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  • Elijah — ist der Name eines biblischen Propheten, siehe Elija der Name eines schweizerischen Reggaemusikers, siehe Elijah (Musiker) Elijah ist der Vorname folgender weiterer Personen: Elija b. Loeb Fulda (ca. 1650–1720), jüdischer Gelehrter Elijah Blue… …   Deutsch Wikipedia

  • Elijah — • Old Testament prophet Catholic Encyclopedia. Kevin Knight. 2006. Elijah     Elijah     † Catholic E …   Catholic encyclopedia

  • Elijah — m Biblical: name (meaning ‘Yahweh is God’) of an Israelite prophet whose exploits are recounted in the First and Second Book of Kings. Elijah s victory over the prophets of Baal on Mount Carmel played an important part in maintaining the Jewish… …   First names dictionary

  • Elijah — name of the great O.T. prophet, from Heb. Elijjah, lit. the Lord is God. The Greek form is Elias …   Etymology dictionary

  • Elijah — [ē lī′jə, ilī′jə] n. [Heb eliyahu, lit., Jehovah is God] 1. a masculine name: dim. Lige; var. Elias, Ellis, Eliot 2. Bible a prophet of Israel in the 9th century B.C.: 1 Kings 17 19; 2 Kings 2:1 11 …   English World dictionary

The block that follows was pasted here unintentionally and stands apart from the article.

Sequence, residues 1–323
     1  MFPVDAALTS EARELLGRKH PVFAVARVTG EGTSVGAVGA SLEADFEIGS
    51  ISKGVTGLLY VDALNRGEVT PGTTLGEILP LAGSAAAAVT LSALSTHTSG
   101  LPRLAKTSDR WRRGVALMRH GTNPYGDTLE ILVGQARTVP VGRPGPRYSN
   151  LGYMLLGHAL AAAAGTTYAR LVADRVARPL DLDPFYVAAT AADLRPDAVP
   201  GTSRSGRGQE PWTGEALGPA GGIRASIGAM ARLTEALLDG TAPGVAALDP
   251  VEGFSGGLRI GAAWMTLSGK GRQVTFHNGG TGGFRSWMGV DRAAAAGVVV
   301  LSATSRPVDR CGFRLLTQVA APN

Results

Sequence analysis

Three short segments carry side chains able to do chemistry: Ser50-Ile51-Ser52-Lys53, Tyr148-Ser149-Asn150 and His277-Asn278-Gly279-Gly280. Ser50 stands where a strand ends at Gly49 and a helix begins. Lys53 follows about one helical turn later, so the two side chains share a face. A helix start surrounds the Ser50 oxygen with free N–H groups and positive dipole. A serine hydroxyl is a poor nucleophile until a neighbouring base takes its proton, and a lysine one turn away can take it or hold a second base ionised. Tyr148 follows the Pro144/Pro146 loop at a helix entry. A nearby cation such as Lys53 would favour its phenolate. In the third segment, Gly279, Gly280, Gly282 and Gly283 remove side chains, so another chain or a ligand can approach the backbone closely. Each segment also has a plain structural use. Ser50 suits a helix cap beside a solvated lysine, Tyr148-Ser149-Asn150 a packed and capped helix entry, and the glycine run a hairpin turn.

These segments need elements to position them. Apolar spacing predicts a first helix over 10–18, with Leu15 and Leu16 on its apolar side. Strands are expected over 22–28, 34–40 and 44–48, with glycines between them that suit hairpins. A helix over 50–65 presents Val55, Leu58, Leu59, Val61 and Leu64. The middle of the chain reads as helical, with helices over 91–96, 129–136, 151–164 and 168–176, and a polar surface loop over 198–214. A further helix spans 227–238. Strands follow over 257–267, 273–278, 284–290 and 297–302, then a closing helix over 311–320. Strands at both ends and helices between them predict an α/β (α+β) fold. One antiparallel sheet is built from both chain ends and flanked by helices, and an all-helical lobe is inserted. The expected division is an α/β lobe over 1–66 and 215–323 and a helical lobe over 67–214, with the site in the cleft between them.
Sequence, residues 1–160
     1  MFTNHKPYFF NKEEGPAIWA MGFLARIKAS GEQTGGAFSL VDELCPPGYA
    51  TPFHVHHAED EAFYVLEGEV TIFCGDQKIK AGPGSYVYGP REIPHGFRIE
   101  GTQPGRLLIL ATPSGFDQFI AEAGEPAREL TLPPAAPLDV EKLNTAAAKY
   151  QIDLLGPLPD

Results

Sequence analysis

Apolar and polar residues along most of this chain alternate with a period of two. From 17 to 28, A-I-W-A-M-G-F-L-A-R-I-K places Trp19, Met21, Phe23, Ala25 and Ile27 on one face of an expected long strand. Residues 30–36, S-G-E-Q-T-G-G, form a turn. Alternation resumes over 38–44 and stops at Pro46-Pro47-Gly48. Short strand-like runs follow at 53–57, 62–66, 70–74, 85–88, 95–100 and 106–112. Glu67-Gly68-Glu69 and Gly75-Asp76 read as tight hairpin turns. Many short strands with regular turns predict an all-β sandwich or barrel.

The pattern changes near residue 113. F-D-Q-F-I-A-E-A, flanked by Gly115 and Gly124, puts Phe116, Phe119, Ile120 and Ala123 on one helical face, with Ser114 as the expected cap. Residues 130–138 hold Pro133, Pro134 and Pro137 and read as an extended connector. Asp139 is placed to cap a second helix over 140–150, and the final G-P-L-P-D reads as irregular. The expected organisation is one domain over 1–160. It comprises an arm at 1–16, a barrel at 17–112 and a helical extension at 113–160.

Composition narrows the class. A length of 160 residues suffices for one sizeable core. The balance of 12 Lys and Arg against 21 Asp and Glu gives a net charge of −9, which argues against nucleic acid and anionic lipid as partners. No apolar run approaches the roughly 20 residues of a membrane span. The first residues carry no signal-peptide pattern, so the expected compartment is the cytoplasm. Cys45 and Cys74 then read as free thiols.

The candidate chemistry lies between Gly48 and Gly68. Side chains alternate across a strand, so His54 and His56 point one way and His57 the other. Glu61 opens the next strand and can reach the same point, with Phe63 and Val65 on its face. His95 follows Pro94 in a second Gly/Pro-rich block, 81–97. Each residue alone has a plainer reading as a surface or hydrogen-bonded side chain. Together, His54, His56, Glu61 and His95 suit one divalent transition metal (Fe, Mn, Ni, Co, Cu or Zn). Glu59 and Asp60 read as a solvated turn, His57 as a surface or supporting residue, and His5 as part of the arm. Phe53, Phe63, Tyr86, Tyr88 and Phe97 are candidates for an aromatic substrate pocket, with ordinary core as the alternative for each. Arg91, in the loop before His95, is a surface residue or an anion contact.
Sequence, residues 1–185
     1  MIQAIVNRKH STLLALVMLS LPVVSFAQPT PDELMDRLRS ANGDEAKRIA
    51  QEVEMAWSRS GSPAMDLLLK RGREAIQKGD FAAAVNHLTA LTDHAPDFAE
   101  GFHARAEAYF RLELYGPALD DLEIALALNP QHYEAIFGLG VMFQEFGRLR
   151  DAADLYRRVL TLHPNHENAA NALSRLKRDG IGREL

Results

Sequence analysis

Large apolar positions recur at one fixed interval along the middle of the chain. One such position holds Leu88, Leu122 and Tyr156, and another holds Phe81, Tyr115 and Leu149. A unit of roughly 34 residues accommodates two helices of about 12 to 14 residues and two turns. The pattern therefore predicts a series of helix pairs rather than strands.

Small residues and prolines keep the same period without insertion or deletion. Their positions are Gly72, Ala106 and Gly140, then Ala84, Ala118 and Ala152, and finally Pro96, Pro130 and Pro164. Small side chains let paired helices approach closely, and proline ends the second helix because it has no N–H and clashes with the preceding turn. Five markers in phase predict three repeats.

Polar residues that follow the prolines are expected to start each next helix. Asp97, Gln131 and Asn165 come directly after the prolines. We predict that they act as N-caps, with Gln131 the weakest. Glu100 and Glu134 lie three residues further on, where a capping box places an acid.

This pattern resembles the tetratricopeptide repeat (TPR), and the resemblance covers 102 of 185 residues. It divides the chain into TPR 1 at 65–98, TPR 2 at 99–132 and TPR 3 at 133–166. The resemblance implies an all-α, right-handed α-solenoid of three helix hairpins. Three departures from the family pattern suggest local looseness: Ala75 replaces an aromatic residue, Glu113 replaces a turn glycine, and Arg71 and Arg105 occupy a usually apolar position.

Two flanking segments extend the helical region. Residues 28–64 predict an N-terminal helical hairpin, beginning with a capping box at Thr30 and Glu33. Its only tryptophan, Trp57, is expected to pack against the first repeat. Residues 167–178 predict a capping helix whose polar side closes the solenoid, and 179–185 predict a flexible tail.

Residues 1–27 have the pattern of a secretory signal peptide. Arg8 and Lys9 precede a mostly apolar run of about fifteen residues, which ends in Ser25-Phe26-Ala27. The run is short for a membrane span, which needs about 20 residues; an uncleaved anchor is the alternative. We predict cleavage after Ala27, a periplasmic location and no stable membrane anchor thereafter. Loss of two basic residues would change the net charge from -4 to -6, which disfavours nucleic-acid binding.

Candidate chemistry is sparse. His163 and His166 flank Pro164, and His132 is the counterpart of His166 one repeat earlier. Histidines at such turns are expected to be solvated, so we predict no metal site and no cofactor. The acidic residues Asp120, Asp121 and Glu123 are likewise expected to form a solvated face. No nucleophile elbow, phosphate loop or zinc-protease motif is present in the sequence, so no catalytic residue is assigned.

• Elijah — This article is about the prophet in the Hebrew Bible. For other uses, see Elijah (disambiguation). Prophet Elijah Elijah reviving the Son of the Widow of Zarephath by Louis Hersent Prophet, Apostle to Ah …   Wikipedia

  • Elijah — /i luy jeuh/, n. 1. a Hebrew prophet of the 9th century B.C. I Kings 17; II Kings 2. 2. a male given name. [ < Heb eliyyah lit., my God is Yahweh] * * * I or Elias Hebrew Eliyyahu flourished 9th century BC Hebrew prophet. The Bible related that… …   Universalium

  • Elijah —    Whose God is Jehovah.    1) The Tishbite, the Elias of the New Testament, is suddenly introduced to our notice in 1 Kings 17:1 as delivering a message from the Lord to Ahab. There is mention made of a town called Thisbe, south of Kadesh, but… …   Easton's Bible Dictionary

  • Elijah — Cette page d’homonymie répertorie les différents sujets et articles partageant un même nom. Elijah est un nom propre qui peut désigner : Sommaire 1 Prénom et patronyme 2 P …   Wikipédia en Français

  • Elijah — The most notable of the ecstatic prophets of the 9th cent. BCE, coming in time between the orgiastic bands of prophets who encountered Saul (1 Sam. 10:5 ff.) and the classical prophets of the 8th cent. Although the narratives relating Elijah s… …   Dictionary of the Bible